Ana-Maria Šimundić [1]

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How to write a paper?

Second Edition. George M Hall. London, UK: BMJ Publishing Group,
2002, 147 pp., $29.95, softcover. ISBN 0-7279-1234-8.
Professor George M Hall is a distinguished scientist, Professor of Anaesthesia at the University of London and the Chairman of the Editorial board of the British Journal of Anaesthesia, at the time book was written, and has been involvedin the complex process of publishing scientific papers for many years. His book How to write a paper is must-have reading for anyone who wishes to become skilled in scientific writing. The book is comprehensive, easily readable and full of practical issues and advices coming from the editor’s own experience.
This useful book is arranged in a such a logical manner, that even undergraduate students could easily read it. It has 18 chapters, mostly accompanied by a list of recommended references for further reading. The book begins with the introductory chapter written by the editor himself, moving next to more specific topics written by various authors who are mostly well established editors of some leading medical journals such as the British Medical Journal, British Journal of Anaesthesia, Lancet, Gut and some other. The book finally ends with the chapter on what the editor envisions as the future: Electronic publishing.
In the introductory chapter entitled Structure of a scientific paper, Professor Hall stresses major principles of the basic structure of a paper. Following chapters deal with the basic parts of a paper: Introduction, Methods, The results, Discussion, Titles, abstracts and authors and finally References.
Each topic is divided into multiple short subtopics devoted to a single aspect of writing. For example, chapter Introductions deals with the art and importance of making the Introduction brief, but informative and stating clearly the principal question answered by the study. The main message of the chapter is – keep it short! Throughout the chapter, the author stresses main principles and gives how to and how not to examples.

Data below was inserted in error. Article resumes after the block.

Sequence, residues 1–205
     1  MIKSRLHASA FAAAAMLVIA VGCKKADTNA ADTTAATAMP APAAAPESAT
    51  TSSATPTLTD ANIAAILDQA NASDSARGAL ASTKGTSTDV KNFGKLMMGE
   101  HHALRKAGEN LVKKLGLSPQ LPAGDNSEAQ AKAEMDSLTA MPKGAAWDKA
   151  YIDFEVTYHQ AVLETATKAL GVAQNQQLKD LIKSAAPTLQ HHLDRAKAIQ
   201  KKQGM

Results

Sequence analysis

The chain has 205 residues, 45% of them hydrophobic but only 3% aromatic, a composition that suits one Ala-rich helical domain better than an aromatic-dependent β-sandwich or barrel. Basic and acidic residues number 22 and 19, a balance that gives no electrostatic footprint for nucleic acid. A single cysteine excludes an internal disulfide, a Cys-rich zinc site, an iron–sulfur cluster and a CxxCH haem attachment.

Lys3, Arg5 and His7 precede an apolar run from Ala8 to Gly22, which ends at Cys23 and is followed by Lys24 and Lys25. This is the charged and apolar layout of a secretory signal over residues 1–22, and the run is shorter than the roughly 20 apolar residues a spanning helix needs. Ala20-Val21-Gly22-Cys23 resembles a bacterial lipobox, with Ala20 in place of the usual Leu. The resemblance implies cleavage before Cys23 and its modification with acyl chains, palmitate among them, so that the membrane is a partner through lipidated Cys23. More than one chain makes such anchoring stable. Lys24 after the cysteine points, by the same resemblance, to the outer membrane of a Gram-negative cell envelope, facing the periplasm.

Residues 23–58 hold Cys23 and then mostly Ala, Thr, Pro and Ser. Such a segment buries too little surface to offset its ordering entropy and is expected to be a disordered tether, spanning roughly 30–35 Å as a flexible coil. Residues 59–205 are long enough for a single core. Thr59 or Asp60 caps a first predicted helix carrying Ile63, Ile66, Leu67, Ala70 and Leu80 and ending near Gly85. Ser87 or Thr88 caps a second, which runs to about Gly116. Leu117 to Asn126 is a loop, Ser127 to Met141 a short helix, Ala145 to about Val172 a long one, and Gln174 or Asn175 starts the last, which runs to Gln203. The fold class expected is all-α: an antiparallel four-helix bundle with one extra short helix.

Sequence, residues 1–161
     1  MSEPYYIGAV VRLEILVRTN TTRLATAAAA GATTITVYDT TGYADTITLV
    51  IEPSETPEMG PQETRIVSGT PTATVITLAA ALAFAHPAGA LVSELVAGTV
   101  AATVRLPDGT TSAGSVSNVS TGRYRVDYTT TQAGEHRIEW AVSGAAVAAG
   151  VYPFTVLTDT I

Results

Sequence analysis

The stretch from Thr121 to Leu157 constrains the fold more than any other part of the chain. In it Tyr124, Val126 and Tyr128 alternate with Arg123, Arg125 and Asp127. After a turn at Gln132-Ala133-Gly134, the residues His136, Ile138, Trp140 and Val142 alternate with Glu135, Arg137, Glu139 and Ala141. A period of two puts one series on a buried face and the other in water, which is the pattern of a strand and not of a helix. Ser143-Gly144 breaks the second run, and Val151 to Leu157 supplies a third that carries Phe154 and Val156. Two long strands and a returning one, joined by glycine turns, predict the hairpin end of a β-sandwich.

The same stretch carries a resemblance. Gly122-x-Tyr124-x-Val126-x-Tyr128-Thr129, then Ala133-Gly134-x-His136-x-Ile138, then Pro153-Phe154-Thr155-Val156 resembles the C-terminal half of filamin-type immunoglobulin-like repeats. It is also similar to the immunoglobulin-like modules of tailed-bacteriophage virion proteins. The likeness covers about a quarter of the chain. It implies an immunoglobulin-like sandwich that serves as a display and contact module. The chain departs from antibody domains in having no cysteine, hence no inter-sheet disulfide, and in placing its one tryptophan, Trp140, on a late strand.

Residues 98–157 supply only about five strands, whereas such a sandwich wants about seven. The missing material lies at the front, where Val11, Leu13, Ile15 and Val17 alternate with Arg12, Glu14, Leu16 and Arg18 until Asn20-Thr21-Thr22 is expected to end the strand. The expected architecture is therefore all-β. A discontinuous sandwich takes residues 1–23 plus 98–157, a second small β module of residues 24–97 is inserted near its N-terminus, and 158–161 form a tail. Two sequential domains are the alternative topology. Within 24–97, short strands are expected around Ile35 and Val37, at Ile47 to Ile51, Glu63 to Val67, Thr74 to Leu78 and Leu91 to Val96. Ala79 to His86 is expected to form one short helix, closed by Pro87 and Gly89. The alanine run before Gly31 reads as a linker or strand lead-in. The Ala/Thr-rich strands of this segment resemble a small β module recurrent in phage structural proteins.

Following chapters are devoted to some other forms of publications such as Letter, Abstract for a scientific meeting, Case reportand Review and describe the main features of each specific form.
The last part of the book deals with some specific issues such as editorship, autorship, style and ethics of publication. The chapter The role of the editor gives many direct considerations to the major role of the editor himself, editorial policy in general and organisation of the editorial team. It also describes the way manuscripts are processed, what may help the unexperienced author to better comprehend what happens with his paper once it has been submitted.
I would warmly recommend this worthwhile book, to all those looking to have their paper published. It could be equally helpful resource to undergraduate and postgraduate students and young scientists in the beginning of their scientific and research career.
The third edition (which I did not unfortunately have the opportunity to read) of this book with some new contributing authors is also published. In that 3rd edition, one additional chapter has been added: Electronic submissions written by Natalie Davies, Assistant web editor at the University of Wales.